Well, it is officially autumn, and October is just around the corner.  Every year, after a long cold winter, I proclaim, “May is my favorite month!”  And then, every year, after a long hot summer, I proclaim, “October is my favorite month!”  October assails our senses with pure and simple pleasures like blue skies and yellow sunshine, red and gold leaves, and orange pumpkins.  There are delicious foods to smell and taste.  Things like pumpkin pies, apple cider, and spiced coffees.  There are bonfires with toasted marshmallows, roasted wieners, and smores.  There are warm days with bright mornings and soft, golden afternoons and there are cool nights fit for sweaters, blankets, and snuggling.  How can you not love it?

Autumn on the Farm

As the days grow colder and shorter, the holidays are fast upon us.  First Halloween, the crowning event of Autumn. When we wake up the following day, although we still have Thanksgiving to celebrate and much to be thankful for, there is an eagerness to put away the oranges and browns of Autumn and to pull out the reds and greens of the Christmastide.  These last three months of the year are filled with anticipation, hope, and joy and they pass us by too quickly.  Then, in the dark cold nights of January, I shiver and I pull the blankets over my head and dream of May.

Fall on the Farm

“Listen! The wind is rising, and the air is wild with leaves, we have had our summer evenings, now for October eves!” ~ Humbert Wolfe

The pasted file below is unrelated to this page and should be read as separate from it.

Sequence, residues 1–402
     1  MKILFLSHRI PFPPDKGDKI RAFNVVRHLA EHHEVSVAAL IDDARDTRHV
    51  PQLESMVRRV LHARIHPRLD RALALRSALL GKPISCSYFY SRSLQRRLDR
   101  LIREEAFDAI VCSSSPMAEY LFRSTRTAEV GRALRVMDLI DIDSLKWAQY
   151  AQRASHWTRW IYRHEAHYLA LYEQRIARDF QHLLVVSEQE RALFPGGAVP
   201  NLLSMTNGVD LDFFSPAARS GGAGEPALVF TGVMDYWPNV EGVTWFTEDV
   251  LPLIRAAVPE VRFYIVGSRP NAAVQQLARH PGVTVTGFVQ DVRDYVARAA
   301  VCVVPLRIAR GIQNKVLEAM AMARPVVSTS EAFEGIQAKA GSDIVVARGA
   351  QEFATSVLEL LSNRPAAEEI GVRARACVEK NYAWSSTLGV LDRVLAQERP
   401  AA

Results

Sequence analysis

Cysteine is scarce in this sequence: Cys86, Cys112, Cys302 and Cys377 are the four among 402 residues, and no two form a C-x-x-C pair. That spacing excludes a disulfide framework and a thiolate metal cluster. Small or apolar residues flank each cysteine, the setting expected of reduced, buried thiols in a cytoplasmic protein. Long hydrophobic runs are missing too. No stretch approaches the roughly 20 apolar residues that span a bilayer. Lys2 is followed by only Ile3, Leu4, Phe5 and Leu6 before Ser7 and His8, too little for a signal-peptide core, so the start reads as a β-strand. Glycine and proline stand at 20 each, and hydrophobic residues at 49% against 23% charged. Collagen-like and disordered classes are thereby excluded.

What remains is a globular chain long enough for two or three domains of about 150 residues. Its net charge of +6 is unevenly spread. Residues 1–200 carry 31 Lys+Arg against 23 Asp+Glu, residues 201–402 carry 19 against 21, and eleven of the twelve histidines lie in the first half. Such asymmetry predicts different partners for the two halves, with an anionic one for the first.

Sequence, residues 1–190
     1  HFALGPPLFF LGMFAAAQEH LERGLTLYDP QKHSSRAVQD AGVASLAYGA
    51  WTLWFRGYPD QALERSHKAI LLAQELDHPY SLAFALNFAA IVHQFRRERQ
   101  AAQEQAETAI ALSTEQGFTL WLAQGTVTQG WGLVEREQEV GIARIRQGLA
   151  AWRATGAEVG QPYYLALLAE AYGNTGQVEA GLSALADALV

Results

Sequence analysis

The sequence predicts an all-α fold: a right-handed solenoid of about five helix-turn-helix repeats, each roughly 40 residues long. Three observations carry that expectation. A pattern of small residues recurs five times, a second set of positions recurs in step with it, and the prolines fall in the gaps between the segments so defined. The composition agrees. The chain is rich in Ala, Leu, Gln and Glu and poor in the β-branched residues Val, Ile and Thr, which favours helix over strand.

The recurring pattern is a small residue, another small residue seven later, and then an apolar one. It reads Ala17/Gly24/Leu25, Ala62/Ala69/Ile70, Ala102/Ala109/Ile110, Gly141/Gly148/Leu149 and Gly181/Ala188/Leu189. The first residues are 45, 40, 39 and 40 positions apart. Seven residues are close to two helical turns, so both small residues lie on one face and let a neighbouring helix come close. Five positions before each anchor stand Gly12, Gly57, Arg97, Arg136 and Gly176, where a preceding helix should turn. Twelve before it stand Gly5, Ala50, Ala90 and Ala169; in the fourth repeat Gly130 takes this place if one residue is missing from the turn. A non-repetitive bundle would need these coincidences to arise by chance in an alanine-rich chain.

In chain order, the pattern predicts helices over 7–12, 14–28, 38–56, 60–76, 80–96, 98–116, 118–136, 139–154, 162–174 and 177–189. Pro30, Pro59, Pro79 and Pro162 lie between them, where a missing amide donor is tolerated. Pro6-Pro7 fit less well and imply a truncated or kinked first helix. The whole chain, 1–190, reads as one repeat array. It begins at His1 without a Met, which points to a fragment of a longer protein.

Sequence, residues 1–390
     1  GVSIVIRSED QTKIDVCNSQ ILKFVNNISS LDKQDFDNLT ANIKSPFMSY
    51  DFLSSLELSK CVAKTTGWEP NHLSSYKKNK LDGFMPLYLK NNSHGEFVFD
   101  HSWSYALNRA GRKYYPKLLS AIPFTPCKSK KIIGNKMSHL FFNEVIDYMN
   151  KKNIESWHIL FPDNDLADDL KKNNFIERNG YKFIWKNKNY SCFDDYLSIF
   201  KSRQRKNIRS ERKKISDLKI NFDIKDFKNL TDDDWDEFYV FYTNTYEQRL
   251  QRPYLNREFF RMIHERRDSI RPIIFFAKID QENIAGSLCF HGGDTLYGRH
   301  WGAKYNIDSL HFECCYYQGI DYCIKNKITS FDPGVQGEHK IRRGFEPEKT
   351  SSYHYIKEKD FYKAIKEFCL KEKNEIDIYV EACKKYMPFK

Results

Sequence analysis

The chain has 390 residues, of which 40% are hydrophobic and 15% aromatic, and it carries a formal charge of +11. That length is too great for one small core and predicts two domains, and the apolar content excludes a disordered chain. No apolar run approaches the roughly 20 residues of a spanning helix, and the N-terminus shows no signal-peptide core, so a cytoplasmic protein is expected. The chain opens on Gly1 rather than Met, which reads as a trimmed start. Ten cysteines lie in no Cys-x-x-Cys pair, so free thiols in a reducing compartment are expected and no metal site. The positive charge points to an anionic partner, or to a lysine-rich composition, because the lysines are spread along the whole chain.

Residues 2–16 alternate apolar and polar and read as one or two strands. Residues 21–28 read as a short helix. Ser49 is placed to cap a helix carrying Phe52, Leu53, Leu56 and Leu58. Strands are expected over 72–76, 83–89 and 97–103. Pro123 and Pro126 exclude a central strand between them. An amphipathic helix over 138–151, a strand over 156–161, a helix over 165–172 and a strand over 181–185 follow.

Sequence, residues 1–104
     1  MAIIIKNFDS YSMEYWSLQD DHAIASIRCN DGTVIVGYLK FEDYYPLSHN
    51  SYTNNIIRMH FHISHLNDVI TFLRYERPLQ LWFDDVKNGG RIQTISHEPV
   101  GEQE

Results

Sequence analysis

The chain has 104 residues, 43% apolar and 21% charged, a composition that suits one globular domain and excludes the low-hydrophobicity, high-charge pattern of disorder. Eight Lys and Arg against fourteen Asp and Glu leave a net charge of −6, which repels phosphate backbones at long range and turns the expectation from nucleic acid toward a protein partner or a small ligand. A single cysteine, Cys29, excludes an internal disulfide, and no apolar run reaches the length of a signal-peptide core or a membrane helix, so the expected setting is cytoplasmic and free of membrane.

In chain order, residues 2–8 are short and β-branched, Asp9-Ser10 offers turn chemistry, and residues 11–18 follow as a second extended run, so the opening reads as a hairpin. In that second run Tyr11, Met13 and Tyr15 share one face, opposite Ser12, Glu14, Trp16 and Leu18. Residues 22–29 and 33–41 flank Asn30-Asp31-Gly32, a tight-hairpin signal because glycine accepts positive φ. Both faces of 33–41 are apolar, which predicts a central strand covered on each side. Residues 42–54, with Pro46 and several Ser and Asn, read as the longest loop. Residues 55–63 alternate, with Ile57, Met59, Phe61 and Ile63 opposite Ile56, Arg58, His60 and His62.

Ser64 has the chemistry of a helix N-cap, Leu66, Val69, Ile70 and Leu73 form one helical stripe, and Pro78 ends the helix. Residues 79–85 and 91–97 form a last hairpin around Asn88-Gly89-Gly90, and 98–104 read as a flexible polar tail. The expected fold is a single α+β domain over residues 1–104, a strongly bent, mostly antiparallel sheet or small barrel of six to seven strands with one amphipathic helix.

Forgotten, but not Gone

Ever drive down the road and pass an old, abandoned farmhouse?  Of course, you have.  Have you ever wondered who lived there?  Was it a big, happy family?  Or was it a lonely spinster?  Why is the house now abandoned and in disrepair?  I often wonder these things, because in my short time here on this earth I have seen houses go from thriving centers of happiness and activity to forlorn and dilapidated structures with sagging roofs and broken windows.

Abandoned Farmhouse

I see one of these houses and I think, someone had a “last night” in that house.  A “last meal”.  A “last birthday”.  A “last Christmas”.  There is a long list of “lasts” in our lives and sadly, we cannot remember most of them.  Do you remember the last time you sat in your mother’s lap?  Or the last time your dad pitched baseball with you?  Do you remember the last meal you had with your grandparents?  Or the last time you read a book to your child? 

Abandoned Farmhouse

Thank God for your blessings.  Live each day and cherish each experience as if it were your “last”.  It just might be!

“Lost things are not last things…” ~Ayaan